Gauteng ANC provincial executive committee (PEC) is the party’s highest decision-making body in the province in between provincial conferences. The body is chaired by the MEC of human settlements and cooperative governance Paul Mashatile. He is deputised by none other than the premier of the province himself, David Makhura.
After Prof Malegapuru Makgoba, the health ombudsman, last year released his damning report into the harrowing tale of how mentally ill patients were transferred from Life Esidimeni hospitals to ill-equipped healthcare facilities run by unlawful NGOs, where many were starved, deprived of care and even passed away, Makhura said he was not aware of the tragedy.
The premier’s private office is resourced with senior officials who include a chief of staff and spokesperson. Besides a director-general, his office also has five deputy director-generals (DDGs), with one of them responsible for provincial communications services. That their political principal was unaware of the fatalistic ‘marathon project’ that has led to the deaths of more than 130 mentally ill patients is a red herring.
DDG for communications services Thabo Masebe himself oversees a well-oiled proactive communications machinery. A seasoned communicator himself, Masebe was previously a DDG responsible for communications in former deputy president Kgalema Motlanthe’s office. It is chronically counterintuitive to believe Makhura was never briefed about a certain court case in March 2016, extensively covered in the media.
If the assertion that the political boss of the provincial administration was in the dark about the sadistic nature of the transfer of patients after the health department reached a settlement with Life Esidimeni to terminate the contract is true, then the public ought to be worried. Either he was willfully misled by his own technocrats, or he undermined the scale of the calamity unfolding at the time.
On March 17, 2016, the South African Federation for Mental Health (SAFMH) warned the Gauteng health department the decision could spell disaster.
With human rights day approaching, SAFMH called on the department “to protect the human rights of the mentally ill patients at Life Esidimeni”. A few days earlier, the South Gauteng High Court in Johannesburg dismissed an urgent application trying to prevent the Gauteng health department from discharging 54 patients from a Life Esidimeni hospital. This is after the termination of the Life Esidimeni contract with the group in December 2015.
“The manner in which the termination of the Life Esidimeni contract has been managed by the Gauteng department of health has raised concerns regarding whether the human rights of the residents of the Life Esidimeni facilities are being protected.
“There are also concerns that the services and support that these residents need right now will not be provided, and that this issue is not receiving the necessary attention and resources to ensure a seamless transition for the residents,” stated SAFMH programme manager Marthé Viljoen in a statement.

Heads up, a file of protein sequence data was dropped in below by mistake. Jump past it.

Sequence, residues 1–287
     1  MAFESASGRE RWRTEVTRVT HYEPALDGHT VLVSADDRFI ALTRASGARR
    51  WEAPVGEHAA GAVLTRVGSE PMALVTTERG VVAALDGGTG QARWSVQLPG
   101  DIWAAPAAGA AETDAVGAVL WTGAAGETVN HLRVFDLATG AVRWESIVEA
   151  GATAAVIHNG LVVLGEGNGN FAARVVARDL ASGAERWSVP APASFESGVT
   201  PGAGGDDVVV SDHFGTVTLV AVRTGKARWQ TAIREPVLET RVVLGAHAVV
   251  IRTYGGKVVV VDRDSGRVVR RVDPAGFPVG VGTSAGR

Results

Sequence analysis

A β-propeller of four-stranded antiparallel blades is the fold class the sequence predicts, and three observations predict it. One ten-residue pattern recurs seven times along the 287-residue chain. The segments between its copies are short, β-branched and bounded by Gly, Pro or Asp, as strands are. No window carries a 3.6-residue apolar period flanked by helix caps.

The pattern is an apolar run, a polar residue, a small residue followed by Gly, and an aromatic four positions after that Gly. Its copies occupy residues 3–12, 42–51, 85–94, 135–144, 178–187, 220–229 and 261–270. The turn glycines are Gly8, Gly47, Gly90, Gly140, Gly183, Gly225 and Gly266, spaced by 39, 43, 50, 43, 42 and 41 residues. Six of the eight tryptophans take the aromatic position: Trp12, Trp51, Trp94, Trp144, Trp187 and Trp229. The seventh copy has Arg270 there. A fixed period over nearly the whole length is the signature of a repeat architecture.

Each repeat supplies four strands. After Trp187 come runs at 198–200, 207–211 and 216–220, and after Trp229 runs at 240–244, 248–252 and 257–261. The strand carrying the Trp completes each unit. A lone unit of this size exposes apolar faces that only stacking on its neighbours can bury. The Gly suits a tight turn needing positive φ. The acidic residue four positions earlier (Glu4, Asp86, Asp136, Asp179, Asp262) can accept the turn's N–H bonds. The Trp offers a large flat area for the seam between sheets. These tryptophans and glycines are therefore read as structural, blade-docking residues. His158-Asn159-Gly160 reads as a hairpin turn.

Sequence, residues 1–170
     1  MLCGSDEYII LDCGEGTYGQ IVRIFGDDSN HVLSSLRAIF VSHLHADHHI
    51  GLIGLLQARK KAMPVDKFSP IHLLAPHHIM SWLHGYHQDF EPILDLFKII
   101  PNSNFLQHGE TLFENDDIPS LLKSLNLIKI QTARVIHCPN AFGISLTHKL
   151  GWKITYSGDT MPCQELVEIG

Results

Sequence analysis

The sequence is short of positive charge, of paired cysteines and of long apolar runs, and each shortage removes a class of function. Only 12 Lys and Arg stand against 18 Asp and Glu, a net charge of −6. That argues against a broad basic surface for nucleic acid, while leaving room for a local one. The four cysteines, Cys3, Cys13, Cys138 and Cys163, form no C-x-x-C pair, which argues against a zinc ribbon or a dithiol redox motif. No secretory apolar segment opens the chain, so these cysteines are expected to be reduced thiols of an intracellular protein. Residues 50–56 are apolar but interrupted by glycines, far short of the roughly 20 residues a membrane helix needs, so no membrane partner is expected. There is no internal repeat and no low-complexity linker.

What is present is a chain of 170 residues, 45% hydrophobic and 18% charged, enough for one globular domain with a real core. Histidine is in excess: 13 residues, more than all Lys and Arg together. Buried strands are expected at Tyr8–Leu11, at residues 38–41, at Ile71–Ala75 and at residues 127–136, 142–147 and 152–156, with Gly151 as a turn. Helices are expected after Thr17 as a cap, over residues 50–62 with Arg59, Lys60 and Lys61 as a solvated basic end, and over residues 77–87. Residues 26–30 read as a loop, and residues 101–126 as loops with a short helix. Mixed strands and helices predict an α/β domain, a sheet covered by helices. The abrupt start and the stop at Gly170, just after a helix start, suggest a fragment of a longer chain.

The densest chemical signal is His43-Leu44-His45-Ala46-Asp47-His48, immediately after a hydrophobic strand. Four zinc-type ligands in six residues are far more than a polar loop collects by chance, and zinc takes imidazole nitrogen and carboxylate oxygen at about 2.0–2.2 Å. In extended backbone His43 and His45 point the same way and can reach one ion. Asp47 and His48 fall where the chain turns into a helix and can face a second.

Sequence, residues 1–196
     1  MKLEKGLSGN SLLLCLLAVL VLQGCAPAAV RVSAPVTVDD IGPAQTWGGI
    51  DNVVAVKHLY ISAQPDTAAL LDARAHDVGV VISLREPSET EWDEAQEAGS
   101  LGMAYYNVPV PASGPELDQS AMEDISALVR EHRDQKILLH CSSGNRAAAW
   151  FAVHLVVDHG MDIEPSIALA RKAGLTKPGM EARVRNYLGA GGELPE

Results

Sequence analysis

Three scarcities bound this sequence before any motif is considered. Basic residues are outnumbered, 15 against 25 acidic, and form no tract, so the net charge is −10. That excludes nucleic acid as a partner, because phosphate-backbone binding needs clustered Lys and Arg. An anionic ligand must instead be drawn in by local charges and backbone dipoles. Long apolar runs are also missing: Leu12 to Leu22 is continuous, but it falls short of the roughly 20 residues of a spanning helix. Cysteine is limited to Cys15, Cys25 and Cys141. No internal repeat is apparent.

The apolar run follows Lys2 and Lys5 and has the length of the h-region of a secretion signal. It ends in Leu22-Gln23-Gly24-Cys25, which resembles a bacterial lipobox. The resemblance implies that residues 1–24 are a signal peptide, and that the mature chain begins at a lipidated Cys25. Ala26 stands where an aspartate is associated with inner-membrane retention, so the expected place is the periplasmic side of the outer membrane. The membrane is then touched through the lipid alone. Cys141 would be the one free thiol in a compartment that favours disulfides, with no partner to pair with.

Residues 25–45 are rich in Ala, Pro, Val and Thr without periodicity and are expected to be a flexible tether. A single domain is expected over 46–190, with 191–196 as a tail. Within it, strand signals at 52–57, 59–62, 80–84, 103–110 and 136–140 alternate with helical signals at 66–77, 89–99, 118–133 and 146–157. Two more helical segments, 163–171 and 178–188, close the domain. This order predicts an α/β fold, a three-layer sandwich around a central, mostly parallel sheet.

Fast-forward to February 1, 2017, when Makgoba released his report that not only exonerated SAFMH’s perceptions of the reckless handling of the ‘project’, but also reported 118 patients had lost their lives. He warned the number could rise. It did, and we are currently sitting at about 140. Makgoba also told the public when MEC Qedani Mahlangu publicly announced only 36 deaths in September 2016, 77 patients had already in fact died.
Makhura announced Mahlangu’s resignation on the evening before the report was publicly released. The health ombudsman also recommended the establishment of an alternative dispute resolution process.
Astonishingly, Mahlangu was not included in the initial list of witnesses forwarded to retired deputy justice Dikgang Moseneke. Therein lies the first indication that Mahlangu’s PEC colleagues never saw it prudent to hold her accountable.
The ambivalent attitude appeared to have continued with Mahlangu requesting and being granted a ‘leave of absence’ from her PEC duties.
The argument that the former MEC had a right to do what she wished with her life is ill-considered. Just because it is legal doesn’t automatically qualify it as morally and ethically sound. Apartheid was the same – it had laws and a judicial systems, but remains morally repugnant at all levels.
Enter Brian Hlongwa, himself implicated in the current financial meltdown engulfing the department, in a conversation with a Gauteng station. He candidly revealed that he had advised Mahlangu to go into ‘exile’ for a period of two years. This is consistent with the decision to allow Mahlangu to be outside the country. The statement that she will only be available in January 2018 is a middle finger to the families of the victims and the country in general.
It is a tall order to not conclude that the ANC in Gauteng is complicit in Mahlangu’s shenanigans. They are likely to have been part of the strategy that resulted in the confusion surrounding where exactly she was studying. Their moral duty was to ensure she remained in the country until the Life Esidimeni hearings were concluded.
Is she unwilling to testify at the hearings before the elective conference to avert bad PR for ANC Gauteng?
Gosebo Mathope is a Senior Online Political Reporter for The Citizen
You can follow the author @Gosebo_Mathope or email firstname.lastname@example.org